- 13th October 2020
- Posted by: Miranda Pont
- Category: Blog
Two years ago this week, Storm Callum moved across the UK bringing high winds, heavy rain, and disruption to travel and power supplies in many places.
Storm Callum was the third named storm of the 2018-2019 storm season, named by Met Éireann on 10 October. As the storm deepened over the Atlantic on 11 October, it was forecast to impact large parts of the UK over the course of the 12 and 13 October 2018 with high winds and heavy rainfall.(1)
When Storm Callum arrived it brought a period of high winds on 12 October, with a gust of 86 mph recorded at Capel Curig in northwest Wales and winds of over 70mph were recorded elsewhere.(1) The very windy weather caused travel disruption to roads, rail, and ferry crossings, and flights were cancelled at airports in Dublin, Belfast and Bristol.(2)
As the storm progressed, heavy and persistent rainfall continued throughout 14 and 15 October. Click here to watch a Met Office rain-radar sequence for Storm Callum.
In 36 hours, Libanus in Powys recorded more than a month’s worth of rain with a total of 219 mm recorded here from the entire event and more than 150mm in Cumbria. Met Office website
Our Flood Foresight system produced forecasts of significant rainfall and provided forecast and real-time flood inundation and depth data before and during Storm Callum.
The system was able to generate estimates of persistent significant flooding in the Lake District and South Wales from 9 October, four days in advance of peak flooding. From this, we were able to estimate regions, neighbourhoods and properties at risk.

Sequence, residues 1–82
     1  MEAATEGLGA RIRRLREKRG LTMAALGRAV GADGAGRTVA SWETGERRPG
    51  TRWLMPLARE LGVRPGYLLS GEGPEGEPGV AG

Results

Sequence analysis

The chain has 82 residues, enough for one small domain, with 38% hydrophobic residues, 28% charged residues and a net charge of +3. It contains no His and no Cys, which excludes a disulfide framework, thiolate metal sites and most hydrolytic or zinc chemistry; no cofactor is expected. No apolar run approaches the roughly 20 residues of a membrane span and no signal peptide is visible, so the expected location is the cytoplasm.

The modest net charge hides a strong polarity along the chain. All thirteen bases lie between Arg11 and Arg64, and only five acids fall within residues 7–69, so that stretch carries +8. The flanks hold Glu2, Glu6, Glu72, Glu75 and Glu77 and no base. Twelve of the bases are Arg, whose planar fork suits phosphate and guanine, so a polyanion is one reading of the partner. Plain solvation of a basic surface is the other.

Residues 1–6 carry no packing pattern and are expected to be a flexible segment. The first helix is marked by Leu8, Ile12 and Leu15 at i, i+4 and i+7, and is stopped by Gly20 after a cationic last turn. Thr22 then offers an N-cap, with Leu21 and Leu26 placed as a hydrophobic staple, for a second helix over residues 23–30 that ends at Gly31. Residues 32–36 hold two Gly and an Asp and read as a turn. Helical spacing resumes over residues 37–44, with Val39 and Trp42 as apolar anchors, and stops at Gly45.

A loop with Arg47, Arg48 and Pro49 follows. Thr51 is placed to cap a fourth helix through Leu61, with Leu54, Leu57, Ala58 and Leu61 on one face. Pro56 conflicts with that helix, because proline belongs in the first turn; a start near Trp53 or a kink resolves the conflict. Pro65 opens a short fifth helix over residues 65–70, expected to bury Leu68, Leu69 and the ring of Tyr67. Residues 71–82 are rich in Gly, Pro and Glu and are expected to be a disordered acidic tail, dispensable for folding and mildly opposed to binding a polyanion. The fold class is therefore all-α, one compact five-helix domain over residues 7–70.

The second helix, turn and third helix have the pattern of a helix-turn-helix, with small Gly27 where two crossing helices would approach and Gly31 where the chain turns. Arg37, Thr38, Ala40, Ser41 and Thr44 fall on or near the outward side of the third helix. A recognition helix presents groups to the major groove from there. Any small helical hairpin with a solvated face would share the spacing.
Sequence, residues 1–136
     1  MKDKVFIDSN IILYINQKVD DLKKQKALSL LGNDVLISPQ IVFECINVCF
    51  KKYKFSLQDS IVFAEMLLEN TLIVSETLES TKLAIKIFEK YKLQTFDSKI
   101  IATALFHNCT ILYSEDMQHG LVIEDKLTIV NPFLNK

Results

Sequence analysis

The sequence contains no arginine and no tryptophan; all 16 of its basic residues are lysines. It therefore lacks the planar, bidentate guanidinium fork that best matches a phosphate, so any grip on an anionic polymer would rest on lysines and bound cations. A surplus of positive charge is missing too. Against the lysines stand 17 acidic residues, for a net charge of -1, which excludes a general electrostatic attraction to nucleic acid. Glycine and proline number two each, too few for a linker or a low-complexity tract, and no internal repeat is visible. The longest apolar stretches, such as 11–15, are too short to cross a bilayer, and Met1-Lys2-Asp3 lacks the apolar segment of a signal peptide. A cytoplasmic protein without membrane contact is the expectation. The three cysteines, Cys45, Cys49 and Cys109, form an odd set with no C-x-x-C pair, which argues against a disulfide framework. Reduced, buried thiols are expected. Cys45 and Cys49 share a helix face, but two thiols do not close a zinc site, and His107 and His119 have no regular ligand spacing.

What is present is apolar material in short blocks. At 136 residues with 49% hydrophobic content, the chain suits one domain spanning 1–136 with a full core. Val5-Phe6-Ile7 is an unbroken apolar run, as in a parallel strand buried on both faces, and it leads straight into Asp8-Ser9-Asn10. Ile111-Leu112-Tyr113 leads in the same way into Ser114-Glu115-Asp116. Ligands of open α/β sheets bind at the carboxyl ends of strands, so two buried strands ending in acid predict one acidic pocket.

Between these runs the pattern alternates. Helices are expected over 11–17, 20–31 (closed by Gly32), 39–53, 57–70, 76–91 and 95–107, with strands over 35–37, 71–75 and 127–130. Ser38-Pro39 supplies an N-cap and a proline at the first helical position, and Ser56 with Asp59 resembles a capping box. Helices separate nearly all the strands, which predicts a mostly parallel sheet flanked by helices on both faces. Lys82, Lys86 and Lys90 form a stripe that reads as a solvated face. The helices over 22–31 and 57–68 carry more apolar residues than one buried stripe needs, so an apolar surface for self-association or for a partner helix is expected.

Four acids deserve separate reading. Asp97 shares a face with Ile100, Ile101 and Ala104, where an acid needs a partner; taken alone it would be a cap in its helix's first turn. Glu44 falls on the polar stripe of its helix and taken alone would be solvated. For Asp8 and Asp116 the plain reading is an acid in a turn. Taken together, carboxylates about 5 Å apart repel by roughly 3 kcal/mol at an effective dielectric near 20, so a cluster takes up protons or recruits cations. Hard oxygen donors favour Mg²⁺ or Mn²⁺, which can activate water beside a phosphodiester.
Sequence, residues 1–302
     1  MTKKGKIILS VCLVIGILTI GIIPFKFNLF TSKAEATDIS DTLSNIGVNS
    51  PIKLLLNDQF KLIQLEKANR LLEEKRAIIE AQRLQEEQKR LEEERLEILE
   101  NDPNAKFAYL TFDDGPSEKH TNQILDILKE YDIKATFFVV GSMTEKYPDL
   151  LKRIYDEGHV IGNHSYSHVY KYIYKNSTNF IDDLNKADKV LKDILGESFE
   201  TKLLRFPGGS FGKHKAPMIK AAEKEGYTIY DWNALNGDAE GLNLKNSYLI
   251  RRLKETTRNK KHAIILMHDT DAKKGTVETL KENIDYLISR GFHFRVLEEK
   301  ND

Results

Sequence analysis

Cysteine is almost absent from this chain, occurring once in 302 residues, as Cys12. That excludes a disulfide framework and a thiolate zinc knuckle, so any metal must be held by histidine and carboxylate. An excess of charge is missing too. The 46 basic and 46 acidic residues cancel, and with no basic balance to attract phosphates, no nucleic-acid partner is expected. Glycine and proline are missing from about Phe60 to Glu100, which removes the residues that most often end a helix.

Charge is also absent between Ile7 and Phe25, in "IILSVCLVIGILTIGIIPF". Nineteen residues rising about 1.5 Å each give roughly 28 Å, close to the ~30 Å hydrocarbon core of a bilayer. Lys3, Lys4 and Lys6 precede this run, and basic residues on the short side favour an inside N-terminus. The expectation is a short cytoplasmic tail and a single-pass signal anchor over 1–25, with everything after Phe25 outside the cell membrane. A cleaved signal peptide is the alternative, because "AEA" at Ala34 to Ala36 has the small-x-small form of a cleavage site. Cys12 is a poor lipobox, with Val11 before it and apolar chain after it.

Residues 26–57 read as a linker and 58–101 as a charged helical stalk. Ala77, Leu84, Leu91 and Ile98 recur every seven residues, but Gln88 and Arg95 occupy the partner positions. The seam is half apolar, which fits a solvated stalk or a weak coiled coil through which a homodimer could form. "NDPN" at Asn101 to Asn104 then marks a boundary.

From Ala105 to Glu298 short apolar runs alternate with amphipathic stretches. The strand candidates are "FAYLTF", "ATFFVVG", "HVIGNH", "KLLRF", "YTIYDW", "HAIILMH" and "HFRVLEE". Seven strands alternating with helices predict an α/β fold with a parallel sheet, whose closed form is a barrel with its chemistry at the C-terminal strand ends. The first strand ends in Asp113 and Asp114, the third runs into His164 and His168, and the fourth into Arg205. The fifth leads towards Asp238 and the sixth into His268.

These flood depth footprints shown below at two locations in Wales, Llanrwst and Crickhowell on 13 October, demonstrate the real-time flood inundation mapping generated by Flood Foresight.
The provision of reliable forecasts of flooding in advance of flood impacts allows proactive responses that reduce the impacts of flooding. Flood Foresight is a globally-scalable operational system providing data on rainfall severity, flood inundation footprints and depths, and flood impacts. Flood Foresight integrates high resolution rainfall forecasts, hydrological models, river gauge telemetry and state of the art high-resolution flood maps across the UK and Ireland to provide impact forecasts to those who need them most.
Want to know more?
Flood Foresight supports operational flood management in the infrastructure, insurance, utilities and civil contingencies sectors, and is designed to be compatible with existing business intelligence and decision support tools. Find out more about our flood forecasting and monitoring system at www.floodforesight.com. You can also email John Bevington.